“For instance, Cardinal George from Chicago is very highly regarded among his fellow cardinals,” explains Haliczer. “But he was not considered a viable candidate for pope at the last conclave because he is from the U.S. and the church does not want to identify itself with the world’s only superpower.”
With their identities in place, players begin their careers as cardinals trying to establish their reputations through good works, such as creating shrines or orphanages. Later in their careers they vie for offices within the church’s governing structure, serving in congregations, synods, councils and other church organizations, overseeing various aspects of the church’s operation. The game includes a glossary explaining each of the various entities and their responsibilities. This phase of the game, more than any other, provides insight into the relative strength and importance of the church’s various governing bodies. As they progress, players also confront controversial issues, such as abortion, and gain historical insight into how the church’s doctrine has evolved over time.
Once all of the players have attained a sufficient number of offices, they receive word that the pope has died. In one scenario he succumbs to infection after knee surgery.
The next phase of the game is a brief, intense scramble that mirrors the period between the death of a pope and the convening of a conclave to elect his successor. This often overlooked phase of papal selection is critically important, says Haliczer. It is a time of political maneuvering, with cardinals conducting interviews and appearing at conferences and masses where their career accomplishments and views are on display for all to see and hear. Players continue to learn about church doctrine in this phase as their cardinals’ fortunes rise and fall based upon what they say on particular issues.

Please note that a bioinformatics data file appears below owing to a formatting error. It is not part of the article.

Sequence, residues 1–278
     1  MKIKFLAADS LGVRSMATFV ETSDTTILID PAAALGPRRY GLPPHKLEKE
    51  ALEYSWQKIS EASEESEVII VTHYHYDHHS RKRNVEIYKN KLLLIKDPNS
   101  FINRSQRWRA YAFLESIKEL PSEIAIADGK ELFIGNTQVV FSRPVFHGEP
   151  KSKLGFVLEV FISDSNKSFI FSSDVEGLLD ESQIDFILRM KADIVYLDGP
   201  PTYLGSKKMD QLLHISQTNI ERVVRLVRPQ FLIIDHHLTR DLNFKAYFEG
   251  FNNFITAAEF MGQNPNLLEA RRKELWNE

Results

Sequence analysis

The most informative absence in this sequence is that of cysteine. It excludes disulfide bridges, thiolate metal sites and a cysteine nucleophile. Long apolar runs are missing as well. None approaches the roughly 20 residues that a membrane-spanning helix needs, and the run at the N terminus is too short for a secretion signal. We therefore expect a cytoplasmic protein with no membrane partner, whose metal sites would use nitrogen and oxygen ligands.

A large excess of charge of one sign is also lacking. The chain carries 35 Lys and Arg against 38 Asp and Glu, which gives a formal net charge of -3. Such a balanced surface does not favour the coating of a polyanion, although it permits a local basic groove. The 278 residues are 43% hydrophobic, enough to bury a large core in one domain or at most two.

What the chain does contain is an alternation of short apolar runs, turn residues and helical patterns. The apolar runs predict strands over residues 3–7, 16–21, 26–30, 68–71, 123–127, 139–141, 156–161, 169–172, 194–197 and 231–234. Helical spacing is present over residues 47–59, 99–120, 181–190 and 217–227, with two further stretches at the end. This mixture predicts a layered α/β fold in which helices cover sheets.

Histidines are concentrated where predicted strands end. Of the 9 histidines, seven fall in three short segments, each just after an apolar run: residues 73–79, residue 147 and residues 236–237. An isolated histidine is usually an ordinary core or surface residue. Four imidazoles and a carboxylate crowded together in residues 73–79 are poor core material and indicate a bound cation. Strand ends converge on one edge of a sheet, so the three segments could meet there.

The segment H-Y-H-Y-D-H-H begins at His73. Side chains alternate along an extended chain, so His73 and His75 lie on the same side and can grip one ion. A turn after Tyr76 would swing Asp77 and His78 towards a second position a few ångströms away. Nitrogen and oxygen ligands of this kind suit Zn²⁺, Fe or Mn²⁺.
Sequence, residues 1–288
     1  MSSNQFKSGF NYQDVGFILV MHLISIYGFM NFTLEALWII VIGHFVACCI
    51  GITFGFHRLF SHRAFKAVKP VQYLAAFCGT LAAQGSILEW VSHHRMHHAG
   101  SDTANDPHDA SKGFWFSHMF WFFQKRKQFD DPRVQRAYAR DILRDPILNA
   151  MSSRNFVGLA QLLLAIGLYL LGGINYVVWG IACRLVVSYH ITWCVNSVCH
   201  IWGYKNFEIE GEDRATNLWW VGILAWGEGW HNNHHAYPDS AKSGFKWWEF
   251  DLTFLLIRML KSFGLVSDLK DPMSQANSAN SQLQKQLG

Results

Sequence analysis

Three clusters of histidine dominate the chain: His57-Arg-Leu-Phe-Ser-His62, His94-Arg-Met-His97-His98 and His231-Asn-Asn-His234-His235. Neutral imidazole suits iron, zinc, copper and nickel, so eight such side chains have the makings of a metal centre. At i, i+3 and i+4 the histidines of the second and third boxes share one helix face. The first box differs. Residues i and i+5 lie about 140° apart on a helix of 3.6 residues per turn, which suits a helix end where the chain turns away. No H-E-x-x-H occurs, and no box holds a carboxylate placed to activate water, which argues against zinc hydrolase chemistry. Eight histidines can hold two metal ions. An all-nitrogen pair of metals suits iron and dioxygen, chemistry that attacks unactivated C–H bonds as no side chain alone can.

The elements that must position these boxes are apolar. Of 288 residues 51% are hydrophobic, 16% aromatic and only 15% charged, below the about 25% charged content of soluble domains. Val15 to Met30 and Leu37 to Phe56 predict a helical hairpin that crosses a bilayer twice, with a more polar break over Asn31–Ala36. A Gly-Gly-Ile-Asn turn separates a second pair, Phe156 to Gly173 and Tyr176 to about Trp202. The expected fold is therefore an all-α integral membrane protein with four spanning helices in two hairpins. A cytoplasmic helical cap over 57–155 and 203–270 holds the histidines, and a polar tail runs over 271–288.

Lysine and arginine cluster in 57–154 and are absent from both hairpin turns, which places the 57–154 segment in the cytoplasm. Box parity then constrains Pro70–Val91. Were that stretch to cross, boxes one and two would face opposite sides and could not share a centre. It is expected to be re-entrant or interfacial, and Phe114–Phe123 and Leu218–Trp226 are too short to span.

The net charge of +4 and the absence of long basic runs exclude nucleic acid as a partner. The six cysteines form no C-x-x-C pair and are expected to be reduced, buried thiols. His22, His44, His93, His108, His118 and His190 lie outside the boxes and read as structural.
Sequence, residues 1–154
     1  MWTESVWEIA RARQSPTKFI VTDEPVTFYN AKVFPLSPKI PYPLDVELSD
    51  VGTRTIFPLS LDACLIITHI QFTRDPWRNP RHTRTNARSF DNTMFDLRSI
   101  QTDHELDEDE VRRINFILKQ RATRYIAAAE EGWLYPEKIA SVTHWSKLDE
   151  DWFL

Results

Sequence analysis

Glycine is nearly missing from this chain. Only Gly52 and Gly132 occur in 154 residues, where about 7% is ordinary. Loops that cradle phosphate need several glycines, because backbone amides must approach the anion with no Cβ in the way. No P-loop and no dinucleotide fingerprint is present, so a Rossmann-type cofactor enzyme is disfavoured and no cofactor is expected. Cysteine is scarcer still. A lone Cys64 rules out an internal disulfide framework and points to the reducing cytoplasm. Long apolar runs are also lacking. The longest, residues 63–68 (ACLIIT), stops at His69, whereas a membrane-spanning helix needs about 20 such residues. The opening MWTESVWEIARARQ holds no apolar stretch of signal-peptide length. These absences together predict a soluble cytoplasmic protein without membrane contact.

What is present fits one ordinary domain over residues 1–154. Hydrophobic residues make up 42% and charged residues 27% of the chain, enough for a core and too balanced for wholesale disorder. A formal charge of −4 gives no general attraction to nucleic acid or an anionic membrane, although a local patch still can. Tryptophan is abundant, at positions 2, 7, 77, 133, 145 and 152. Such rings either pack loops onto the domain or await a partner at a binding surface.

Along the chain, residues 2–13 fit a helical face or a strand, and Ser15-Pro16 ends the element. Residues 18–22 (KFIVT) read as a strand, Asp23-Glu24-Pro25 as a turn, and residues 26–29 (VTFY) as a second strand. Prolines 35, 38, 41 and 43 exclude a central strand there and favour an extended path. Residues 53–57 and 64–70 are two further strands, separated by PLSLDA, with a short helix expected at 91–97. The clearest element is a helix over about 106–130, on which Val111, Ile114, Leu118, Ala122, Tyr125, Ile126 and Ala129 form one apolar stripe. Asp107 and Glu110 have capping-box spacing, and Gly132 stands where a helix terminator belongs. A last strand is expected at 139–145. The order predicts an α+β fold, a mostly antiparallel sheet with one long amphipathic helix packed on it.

The final round is the conclave, where the election of a pope actually takes place. The players enter this fast-moving stage with the “influence points” that they have accumulated in the earlier rounds, but “influence” cannot guarantee victory. It’s still anybody’s game.
“No matter what has happened up to this point anyone can still win. It’s unpredictable, just as in real life,” says Haliczer, explaining that the luck of the draw could lead to an influential cardinal throwing his weight behind a dark horse contender, or the Holy Spirit may even intervene. “It’s exciting until the very end,” he assures.
While Vatican might never overtake Monopoly as a parlor game, Haliczer hopes it will be a hit with Catholics and non-Catholics alike with an interest in the inner dynamics of the church. His hunch appears to be on the mark. The game, which was produced by the College of DuPage Press, has been marketed solely over the Internet and already has attracted orders from across the United States, England, France and even Rome. The Web site has had visitors from as far away as Kuala Lampur and Singapore.
For more information on Vatican: The Papal Election Board Game, visit the Web site at www.vaticanboardgame.com.